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channel – as the main digital opportunity, es- pecially when DMR Tier III (trunked) equip- ment eventually reaches the market. “Tier III could, if it is very successful, sweep away all the MPT 1327”, he said. “Certainly, Tier III DMR is the leap that is needed.... At the moment, the DMR being sold is tending to be a con- ventional [PMR] replacement.” And he com- mented that DMR was proving very successful in this respect, having already sold one million terminals.

More alternatives But Mr Taylor went on: “We shouldn’t forget NXDN. NXDN is a collaboration of Kenwood and Icom. It’s 6¼ kHz FDMA, just as dPMR is. It’s the same codec, it’s the same modulation but it’s incompatible. “It’s one of these ‘publicly available specifi ca-

tions’ – they say people can write in and get the specifi cation. So we shouldn’t forget it, be- cause there is a signifi cant market out there that could be buying it. In terms of Ofcom, I think it’s something they need to consider, because it’s another 6¼ kHz technology.” Adrian Grilli, managing director of JRC Ltd,

added some further digital possibilities. “T ere’s Tetrapol out there still, although I don’t think that’s still a serious contender”, he said. “T ere’s [APCO] P25 in some parts of the world and now Detracom [France] are promoting what they call e-DMR, which is a three-channel ver- sion of DMR.” But he warned: “Apart from the fact that

there are these multiple standards, it’s actually causing immense confusion and lack of inter- operability. If you’ve got an FM push-to-talk analogue radio, it’s not only cheap but it’s inter- operable with loads of stuff ! “All these new suppliers coming in with their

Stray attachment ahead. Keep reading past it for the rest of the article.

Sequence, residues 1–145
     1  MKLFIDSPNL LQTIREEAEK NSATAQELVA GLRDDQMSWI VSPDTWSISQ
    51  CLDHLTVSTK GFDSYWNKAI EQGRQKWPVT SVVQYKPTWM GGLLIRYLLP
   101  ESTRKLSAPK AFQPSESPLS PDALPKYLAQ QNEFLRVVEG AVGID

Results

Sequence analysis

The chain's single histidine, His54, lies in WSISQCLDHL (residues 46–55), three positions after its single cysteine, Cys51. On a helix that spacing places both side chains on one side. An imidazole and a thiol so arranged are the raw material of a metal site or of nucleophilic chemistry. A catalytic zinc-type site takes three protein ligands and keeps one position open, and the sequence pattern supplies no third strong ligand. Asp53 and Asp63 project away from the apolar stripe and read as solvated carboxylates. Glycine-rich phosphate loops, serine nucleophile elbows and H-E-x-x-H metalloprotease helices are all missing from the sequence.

diff erent fl avours of digital are actually confus- ing the market and making people reticent, because they are just seeing a proliferation of digital technologies, all incompatible.”

The wrong technology Showing a chart illustrating the application are- as of the main digital contenders (right), David Taylor pointed out the large overlaps between them. While acknowledging that these were benefi cial for customers because they created competition, he agreed with Adrian Grilli that they could also lead to confusion. ”I think also it means that an awful lot of peo-

ple succumb to supply a pressure and probably get the wrong technology”, he went on. “T e one that is quoted is the North Sydney Hospital. Is Tetra really the right solution for a single-site hospital? It could well be that DMR could do it and be a lot more spectrum-effi cient.” Looking at motives for making the change to a digital system, Mr Taylor suggested that data

LAND mobile October 2011

applications were attractive but were probably not suffi cient on their own. “T e functionality is usually not a real reason to switch unless you have reached the end of life of your system”, he said. “People are going to be looking at capital cost of ownership, and if they can see that it’s going to be more expensive than analogue, why go there?” In the US, the regulator is mandating the